However, there is also an auto build mode that makes Keycloak behave more or less the same as the WildFly distribution in this regard. This comes with a startup time penalty, but is still able to optimise the runtime better than the WildFly distribution could.
The Keycloak Wildfly distribution contained scripts named
add-user-keycloak.sh to add initial users to Keycloak.
These are no longer included in the Quarkus distribution.
To add the initial admin user, set the environment variables
KEYCLOAK_ADMIN_PASSWORD for the username and password of the user.
Keycloak uses them at the first startup to create an initial user with administration rights.
Once the first user with administrative rights exists, use the command line tool
kcadm.sh (Linux) or
kcadm.bat (Windows) to create additional users.
By default, the new Quarkus distribution removes
/auth from the context-path. To re-introduce the
/auth use the
http-relative-path build option. For example:
bin/kc.[sh|bat] start-dev --http-relative-path /auth
Similarly to the WildFly distribution custom providers are deployed to Keycloak by copying them to a deployment directory. In the new distribution you should copy your providers to the
providers directory instead of
standalone/deployments, which no longer exists. Additional dependencies are also copied to the
With the new distribution there is no longer a separate classpath for custom providers, so you may need to be more careful with what additional dependencies you include. In addition, the
EAR packaging format, and
jboss-deployment-structure.xml files, is no longer supported.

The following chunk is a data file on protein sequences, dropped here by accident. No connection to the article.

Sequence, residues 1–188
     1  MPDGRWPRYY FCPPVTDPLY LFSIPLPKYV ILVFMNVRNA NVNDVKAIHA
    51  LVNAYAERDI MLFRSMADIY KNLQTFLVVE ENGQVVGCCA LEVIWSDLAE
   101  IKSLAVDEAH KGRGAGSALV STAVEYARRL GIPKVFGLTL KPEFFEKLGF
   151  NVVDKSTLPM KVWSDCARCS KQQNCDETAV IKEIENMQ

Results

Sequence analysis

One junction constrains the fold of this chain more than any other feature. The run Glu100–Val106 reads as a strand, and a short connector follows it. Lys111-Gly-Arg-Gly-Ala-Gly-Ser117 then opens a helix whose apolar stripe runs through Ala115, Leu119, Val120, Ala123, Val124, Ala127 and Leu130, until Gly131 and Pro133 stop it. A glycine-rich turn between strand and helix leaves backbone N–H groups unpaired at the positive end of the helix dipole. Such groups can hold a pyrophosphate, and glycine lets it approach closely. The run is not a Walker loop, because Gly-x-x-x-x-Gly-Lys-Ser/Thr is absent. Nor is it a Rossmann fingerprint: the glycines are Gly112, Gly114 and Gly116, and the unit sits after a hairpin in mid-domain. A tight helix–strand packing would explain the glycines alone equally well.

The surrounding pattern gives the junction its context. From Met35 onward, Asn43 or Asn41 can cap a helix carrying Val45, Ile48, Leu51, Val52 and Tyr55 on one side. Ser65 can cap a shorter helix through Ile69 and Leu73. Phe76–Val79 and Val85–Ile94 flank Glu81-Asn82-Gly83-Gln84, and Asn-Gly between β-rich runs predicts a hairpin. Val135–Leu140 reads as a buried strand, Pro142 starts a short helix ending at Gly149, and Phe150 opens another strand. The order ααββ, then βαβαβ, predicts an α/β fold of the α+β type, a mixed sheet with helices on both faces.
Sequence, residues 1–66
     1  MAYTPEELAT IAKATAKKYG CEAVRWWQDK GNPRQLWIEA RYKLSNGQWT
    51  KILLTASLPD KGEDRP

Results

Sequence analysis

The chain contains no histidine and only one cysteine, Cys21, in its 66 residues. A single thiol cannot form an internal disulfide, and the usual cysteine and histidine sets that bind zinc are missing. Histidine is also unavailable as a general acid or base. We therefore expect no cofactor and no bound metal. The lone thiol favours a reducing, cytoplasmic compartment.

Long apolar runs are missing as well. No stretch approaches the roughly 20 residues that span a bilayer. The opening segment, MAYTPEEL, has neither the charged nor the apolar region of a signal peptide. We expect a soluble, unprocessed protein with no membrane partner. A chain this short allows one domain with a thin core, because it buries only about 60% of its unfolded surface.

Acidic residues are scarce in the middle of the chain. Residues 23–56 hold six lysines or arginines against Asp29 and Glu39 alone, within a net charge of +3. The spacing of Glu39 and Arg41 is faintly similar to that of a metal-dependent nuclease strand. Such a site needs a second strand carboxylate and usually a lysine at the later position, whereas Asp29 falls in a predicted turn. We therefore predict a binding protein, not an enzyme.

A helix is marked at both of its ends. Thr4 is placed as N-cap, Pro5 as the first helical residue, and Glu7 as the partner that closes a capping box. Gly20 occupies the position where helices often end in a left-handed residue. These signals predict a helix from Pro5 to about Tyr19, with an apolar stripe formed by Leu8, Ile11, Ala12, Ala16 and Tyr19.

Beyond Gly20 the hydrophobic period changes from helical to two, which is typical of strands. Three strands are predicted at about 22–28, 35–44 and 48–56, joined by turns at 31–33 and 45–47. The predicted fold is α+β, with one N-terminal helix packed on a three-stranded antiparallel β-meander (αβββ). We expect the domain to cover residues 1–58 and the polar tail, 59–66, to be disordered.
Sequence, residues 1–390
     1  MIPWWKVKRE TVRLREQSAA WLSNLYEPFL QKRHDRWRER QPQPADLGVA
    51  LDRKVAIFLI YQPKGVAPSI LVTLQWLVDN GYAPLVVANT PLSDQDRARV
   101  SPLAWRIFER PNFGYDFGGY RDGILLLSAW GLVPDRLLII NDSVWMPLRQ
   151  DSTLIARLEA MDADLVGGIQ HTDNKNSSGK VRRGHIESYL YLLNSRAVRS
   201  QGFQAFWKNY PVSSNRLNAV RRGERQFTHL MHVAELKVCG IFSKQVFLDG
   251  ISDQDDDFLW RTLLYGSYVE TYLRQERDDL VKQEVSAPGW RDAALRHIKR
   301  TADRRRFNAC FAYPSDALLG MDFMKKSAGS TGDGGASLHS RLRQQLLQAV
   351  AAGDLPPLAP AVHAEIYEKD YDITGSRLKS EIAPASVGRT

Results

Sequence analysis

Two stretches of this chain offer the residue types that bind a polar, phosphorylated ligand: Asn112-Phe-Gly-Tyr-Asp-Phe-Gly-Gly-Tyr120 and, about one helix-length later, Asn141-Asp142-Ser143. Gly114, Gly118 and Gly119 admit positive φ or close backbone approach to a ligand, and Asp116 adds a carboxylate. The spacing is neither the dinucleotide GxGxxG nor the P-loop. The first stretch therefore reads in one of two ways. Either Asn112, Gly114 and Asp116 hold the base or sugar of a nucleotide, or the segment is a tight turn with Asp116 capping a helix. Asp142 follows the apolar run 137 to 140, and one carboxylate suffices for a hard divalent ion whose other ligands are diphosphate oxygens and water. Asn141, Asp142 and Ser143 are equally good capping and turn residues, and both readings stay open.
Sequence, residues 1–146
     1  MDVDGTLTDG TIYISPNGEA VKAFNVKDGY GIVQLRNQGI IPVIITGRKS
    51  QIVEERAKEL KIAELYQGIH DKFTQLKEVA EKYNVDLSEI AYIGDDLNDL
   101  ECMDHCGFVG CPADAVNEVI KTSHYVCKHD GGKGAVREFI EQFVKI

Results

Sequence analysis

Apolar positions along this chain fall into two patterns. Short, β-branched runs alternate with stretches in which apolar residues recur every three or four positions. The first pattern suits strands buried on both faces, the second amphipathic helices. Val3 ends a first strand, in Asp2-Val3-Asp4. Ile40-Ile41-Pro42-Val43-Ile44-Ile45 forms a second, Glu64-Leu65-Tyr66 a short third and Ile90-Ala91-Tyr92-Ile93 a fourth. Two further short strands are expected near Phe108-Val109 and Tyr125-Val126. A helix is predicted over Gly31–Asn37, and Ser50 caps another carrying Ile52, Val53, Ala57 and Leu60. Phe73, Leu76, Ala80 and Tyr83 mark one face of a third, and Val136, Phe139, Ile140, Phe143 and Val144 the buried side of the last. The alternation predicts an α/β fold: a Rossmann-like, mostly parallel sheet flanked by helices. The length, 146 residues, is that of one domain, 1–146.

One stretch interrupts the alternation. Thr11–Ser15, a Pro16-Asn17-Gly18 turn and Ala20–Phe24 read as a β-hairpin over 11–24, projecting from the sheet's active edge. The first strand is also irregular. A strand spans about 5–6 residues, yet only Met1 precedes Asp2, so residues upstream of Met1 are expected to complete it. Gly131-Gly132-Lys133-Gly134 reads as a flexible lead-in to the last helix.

While the WildFly distribution automatically discovered custom providers, even supported the ability to hot-deploy custom providers while Keycloak is running, this is no longer supported, and when you make a change to the providers or dependencies in the
providers directory you have to do a build afterwards, or restart the server with the auto build feature.
Depending on what APIs your providers use you may also need to make some changes to the providers. If you only leveraged classes from Keycloak SPIs you shouldn’t need to, but if you used other APIs from WildFly you may need to make some changes. In addition, JavaEE APIs like session/stateless beans are no longer supported.
To use the Quarkus distribution on Kubernetes and OpenShift you need to use the new Operator, the old Operator does not support the new distribution.
There is no "direct" migration path, to install Keycloak using the new Operator you need to create a new Custom Resource (CR) to end up with a new Keycloak Deployment based on the Quarkus distribution.
The old and new operator can co-exist even in the same namespace since they are using a different API Group and Version in the CRDs.
For the old operator, the apiVersion is:
For the new operator, the apiVersion is:
kubectl commands, and the 2 CRDs are installed in the cluster, make sure to use fully qualified names including the API Group, e.g.:
$ kubectl get keycloaks.k8s.keycloak.org
The new operator doesn’t support Client, User and Realm CRDs directly. Instead, it provides one CRD to perform a Realm import. Using this new CR you can import Users, Clients and more through the wrapping Realm.